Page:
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Video Games Better Than Morphine

Discussion in 'Health & Healing' started by Nakosis, Jan 12, 2019.

  1. Nakosis

    Nakosis crystal soldier
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    In my interview with the Navy’s head of Addiction Research, Commander Dr. Andrew Doan, he stated that there is an endorphin-increasing mechanism that’s not entirely understood; he embraces the notion of screens acting as “digital pharmakeia” (Greek for pharmaceuticals), a term he coined to explain the neurobiological effects produced by video technologies.

    Brain imaging would eventually confirm that burn patients treated with SnowWorld virtual reality (VR) were experiencing less pain in the parts of their brain associated with processing pain. These stunning findings have led the military to further pursue the use of virtual reality and video games as a quasi-digital drug to help treat pain.
    Video Games Stronger Than Morphine: U.S. Military

    I can attest to this, as a chronic pain sufferer, while playing video games I don't feel notice the normal pain I feel. It's really gone for the one or two hours that I'm playing. I knew this worked for me, I didn't realize how well it worked for others. It'd be nice to be pain free all of the time without drugs. I'm not sure how this works or I wish I could figure out how to block the pain without the video games.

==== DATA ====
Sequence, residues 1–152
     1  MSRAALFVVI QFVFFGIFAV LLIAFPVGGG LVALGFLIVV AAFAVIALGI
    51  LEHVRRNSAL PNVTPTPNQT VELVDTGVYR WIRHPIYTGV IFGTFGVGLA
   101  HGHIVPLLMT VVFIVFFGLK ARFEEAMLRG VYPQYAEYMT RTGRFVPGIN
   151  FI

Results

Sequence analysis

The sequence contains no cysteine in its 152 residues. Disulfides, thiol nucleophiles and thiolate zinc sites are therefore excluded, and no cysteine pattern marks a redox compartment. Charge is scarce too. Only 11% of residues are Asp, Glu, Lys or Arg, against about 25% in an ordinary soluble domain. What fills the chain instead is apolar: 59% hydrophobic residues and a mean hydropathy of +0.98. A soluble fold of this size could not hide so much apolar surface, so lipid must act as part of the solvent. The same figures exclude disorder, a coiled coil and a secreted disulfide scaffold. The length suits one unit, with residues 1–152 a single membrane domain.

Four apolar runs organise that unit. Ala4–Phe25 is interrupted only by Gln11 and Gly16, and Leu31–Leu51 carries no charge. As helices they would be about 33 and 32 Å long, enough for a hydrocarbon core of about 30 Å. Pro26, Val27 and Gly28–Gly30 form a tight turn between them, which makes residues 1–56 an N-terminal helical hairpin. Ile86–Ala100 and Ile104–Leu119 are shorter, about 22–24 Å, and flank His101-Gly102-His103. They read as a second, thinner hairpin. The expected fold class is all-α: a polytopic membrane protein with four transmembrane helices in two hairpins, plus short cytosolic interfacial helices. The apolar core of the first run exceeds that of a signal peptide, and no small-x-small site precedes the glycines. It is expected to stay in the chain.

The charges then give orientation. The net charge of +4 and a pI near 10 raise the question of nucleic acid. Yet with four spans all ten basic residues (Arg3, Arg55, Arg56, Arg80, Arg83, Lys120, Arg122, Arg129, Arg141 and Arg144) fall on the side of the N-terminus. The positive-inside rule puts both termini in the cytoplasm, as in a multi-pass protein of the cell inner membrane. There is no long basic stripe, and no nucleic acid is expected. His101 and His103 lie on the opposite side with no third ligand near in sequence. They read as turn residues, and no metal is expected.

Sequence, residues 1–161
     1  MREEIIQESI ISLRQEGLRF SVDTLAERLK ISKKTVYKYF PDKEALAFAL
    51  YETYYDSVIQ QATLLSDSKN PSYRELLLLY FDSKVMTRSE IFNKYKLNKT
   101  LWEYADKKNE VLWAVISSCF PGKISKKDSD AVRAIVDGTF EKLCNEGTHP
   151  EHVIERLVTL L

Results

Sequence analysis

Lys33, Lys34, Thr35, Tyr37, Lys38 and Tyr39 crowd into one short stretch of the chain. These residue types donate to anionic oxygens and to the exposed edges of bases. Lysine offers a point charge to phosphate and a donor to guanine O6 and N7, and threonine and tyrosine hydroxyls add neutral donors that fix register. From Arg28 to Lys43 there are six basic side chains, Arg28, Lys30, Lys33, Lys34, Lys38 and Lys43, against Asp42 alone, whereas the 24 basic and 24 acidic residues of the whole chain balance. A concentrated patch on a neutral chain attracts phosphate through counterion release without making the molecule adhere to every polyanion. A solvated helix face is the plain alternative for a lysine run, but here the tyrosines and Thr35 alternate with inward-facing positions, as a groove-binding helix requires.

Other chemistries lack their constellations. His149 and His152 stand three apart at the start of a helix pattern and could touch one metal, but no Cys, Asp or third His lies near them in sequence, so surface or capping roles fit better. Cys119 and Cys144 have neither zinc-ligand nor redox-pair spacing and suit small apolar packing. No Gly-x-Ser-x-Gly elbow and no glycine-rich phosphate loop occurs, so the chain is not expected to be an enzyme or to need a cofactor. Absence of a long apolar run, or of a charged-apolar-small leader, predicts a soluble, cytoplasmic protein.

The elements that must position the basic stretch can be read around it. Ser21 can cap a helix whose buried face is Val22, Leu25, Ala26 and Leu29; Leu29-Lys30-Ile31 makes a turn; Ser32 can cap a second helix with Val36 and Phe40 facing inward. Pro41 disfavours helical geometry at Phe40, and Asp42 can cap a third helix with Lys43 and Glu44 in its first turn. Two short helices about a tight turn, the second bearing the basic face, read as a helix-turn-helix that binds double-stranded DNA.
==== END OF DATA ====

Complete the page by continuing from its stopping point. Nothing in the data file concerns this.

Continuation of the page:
I wonder if I could get my doctor to prescribe video games so I could get my wife off my back about them? :D
     
    #1 Nakosis, Jan 12, 2019
    Last edited: Jan 12, 2019
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  2. SomeRandom

    SomeRandom Still learning to be wise

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    That's interesting. I wonder if the same can be true of something like music.
    Or does visual media release more endorphins than non? Is that what they're saying?
    If it promises potential then I say study it.
    What's the worst that can happen anyway?
     
  3. Nakosis

    Nakosis crystal soldier
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    Video Game addiction Duh, duh, dum...:D
    upload_2019-1-12_13-38-40.jpeg
     
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  4. Jumi

    Jumi Well-Known Member

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    True, when I had the worst pain episodes the best I could do was immerse myself in some activity. The drugs prescribed by the doctors were nearly useless much of the time and didn't seem like a nice alternative to get hooked onto. Solving increasingly difficult puzzles as a method of pain relief seemed both good for the condition and something useful. I'd think mathematics or solving physics problems could reach a similar level as games or playing instruments. It just depends on how much you can get into them.
     
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